Thirty-five of its leaders are now on trial, facing possible decades-long prison sentences, on charges relating to “attempting a coup and seeking to occupy the Prime Minister’s office” during the summer protests. They deny the allegations.
“At first Carsi was only representing people from Besiktas, but in time it became something more important,” says Arpaci. Since the summer protests, “it’s become a civil society organization, and that’s what the trial is about.”
Antigovernment slogans at games
In the past year, antigovernment slogans have become widespread at soccer matches, with AKP officials vowing to stamp out the practice. Fans fear the new system will be used to blacklist supporters based solely on their opposition to the government.
However the idea for an e-ticketing system was hatched long before the protests. Preparation for it began when the government passed a law aimed at combatting violence and disorder in sports in 2011.
Soccer hooliganism has long been a problem in Turkey. At one match in March this year between Trabzonspor and Fenerbahce, played in the Black Sea city of Trabzon, fans began showering the pitch with bricks and flares, prompting the referee to abandon it, after declaring conditions unsafe.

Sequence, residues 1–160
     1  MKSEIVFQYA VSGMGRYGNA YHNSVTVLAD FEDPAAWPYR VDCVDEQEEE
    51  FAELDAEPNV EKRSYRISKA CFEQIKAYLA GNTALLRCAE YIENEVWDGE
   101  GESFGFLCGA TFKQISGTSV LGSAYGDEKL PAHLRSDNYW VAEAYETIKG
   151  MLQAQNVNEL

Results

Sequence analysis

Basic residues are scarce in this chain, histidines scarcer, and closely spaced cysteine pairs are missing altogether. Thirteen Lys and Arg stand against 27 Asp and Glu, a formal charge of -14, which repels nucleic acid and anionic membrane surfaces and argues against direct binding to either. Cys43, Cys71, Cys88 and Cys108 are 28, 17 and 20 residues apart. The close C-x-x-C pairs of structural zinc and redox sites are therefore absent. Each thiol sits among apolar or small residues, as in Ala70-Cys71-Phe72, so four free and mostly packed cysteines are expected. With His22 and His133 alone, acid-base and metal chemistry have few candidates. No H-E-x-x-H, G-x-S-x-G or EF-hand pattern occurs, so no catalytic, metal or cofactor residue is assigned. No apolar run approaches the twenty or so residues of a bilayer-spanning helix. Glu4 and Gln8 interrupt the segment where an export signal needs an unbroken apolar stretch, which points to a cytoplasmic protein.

Away fans are forbidden from attending derby matches between the big Istanbul teams. As a penalty for violence, the Turkish Football Federation has recently forced teams to play to empty stadiums, or distributed tickets free to women and children.
“The main purpose of the [Passolig] system is to prevent spectators from entering stadiums who are [blacklisted] for sport-related offenses,” says Kemal Hacioglu, the official co-ordinator of the e-ticketing system at Turkey’s soccer federation, in an e-mailed response to questions.
“The law is aiming to establish a safe environment for the families and women who are expecting to have a good time in sport arenas.”
This view finds support among many fans. Ilker Cakir, 43, a Fenerbahce supporter and taxi driver, hopes Passolig will create a more family-friendly atmosphere.